An abbreviation for a type of patent, copyright or trademark action brought before the United States International Trade Commission pursuant to §337 of the Tariff Act of 1930 (19 U.S.C. §1337) for “unfair competition,” which usually means violation of intellectual property rights. The ITC cannot award damages, but instead awards an exclusion order directing United States Customs to seize offending imports.
ITC cases are run on a fast track—the ITC is normally required to finish the case within twelve to eighteen months. Since §337 is, in principle, a trade protection measure, a plaintiff must show harm to domestic industry, e.g., manufacture by the plaintiff or a licensee in the United States, significant employment of U.S. capital, or U.S. R&D.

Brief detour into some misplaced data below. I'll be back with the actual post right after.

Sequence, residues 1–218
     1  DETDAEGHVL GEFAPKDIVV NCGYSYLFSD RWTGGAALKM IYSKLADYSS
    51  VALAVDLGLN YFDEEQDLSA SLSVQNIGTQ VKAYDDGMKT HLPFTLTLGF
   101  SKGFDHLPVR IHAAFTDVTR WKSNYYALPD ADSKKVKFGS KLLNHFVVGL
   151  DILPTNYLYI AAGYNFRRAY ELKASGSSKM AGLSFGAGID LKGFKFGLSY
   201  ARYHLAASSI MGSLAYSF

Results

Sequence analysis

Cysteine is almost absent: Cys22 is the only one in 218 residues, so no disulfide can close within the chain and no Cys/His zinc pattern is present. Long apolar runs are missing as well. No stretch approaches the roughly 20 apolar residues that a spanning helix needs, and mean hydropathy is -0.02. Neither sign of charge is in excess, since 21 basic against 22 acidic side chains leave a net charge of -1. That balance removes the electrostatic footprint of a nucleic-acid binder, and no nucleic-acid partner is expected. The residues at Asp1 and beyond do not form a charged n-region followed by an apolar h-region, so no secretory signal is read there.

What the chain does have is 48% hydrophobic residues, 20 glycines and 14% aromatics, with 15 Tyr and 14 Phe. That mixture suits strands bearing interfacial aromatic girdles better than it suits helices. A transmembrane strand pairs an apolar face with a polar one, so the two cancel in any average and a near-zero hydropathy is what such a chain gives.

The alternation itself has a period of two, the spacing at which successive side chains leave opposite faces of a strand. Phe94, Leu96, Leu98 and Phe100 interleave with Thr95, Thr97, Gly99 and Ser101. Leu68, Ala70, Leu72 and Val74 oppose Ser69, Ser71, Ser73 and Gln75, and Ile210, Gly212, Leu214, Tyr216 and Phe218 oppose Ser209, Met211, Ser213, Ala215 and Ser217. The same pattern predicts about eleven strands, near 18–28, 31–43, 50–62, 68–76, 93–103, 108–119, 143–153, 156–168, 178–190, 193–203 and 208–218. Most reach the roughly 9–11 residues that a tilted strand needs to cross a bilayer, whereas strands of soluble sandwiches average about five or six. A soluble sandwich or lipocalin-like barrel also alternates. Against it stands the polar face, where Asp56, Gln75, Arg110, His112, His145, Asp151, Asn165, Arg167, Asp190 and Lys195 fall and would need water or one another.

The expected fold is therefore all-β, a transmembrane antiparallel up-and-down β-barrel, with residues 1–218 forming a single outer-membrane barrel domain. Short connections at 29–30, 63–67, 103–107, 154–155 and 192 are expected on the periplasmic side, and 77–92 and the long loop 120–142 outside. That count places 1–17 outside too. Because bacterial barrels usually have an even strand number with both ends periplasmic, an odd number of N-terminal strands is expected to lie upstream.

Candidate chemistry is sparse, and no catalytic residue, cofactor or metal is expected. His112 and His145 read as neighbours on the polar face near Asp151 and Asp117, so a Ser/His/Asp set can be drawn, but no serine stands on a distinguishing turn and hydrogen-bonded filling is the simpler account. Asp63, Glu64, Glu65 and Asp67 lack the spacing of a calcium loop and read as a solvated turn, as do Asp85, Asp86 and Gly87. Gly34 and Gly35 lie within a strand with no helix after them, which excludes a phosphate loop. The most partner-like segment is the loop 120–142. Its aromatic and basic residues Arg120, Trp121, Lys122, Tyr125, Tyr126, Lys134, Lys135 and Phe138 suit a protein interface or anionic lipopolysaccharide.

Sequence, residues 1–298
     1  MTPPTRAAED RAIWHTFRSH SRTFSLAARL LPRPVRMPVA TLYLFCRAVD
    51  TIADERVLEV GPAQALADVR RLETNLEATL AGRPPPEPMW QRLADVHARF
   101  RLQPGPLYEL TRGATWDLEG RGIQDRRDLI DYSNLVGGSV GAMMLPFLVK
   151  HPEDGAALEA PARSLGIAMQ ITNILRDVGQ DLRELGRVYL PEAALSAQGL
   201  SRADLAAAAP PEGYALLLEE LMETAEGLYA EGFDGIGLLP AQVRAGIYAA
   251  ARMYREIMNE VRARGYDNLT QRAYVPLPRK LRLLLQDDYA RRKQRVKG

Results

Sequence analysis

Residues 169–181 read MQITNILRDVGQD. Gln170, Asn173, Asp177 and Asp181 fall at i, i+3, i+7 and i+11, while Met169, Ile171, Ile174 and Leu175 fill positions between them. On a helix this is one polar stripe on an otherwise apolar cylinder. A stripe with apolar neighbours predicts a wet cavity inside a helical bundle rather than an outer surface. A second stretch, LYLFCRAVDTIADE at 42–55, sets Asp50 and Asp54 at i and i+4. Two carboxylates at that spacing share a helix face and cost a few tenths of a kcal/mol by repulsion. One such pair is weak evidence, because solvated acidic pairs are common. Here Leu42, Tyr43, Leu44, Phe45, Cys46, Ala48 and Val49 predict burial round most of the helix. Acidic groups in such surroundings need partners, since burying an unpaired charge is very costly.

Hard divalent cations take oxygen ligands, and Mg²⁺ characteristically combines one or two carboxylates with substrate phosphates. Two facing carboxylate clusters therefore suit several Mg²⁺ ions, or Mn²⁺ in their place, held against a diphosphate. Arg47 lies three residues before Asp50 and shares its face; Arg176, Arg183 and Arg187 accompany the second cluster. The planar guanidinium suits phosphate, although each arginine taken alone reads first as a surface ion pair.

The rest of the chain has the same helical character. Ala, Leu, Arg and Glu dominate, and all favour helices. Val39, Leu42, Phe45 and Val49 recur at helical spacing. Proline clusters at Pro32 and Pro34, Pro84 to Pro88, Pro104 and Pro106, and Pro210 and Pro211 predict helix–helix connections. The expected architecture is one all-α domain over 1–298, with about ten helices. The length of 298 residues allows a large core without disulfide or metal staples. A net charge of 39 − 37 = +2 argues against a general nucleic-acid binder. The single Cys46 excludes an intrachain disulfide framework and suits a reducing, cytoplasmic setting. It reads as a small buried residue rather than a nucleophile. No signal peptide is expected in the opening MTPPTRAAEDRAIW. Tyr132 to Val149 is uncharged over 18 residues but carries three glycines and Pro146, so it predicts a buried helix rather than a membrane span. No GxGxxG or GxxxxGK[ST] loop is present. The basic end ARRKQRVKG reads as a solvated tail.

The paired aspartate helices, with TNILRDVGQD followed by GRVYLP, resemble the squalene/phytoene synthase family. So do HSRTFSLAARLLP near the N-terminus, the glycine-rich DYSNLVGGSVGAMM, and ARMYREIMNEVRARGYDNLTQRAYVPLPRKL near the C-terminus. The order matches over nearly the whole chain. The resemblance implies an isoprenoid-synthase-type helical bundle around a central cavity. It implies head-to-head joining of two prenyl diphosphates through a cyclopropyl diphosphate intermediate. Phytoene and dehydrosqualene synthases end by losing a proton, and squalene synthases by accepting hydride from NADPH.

The European Union has a similar provision, which can also result in an exclusion order, but it is mostly used for trademark protection and infrequently for patent infringement and has recently been amended by Regulation 1383/2003 with a view to making it more effective. §337 cases are heard by an Administrative Law Judge or ALJ, and appeals are to the United States Court of Appeal for the Federal Circuit.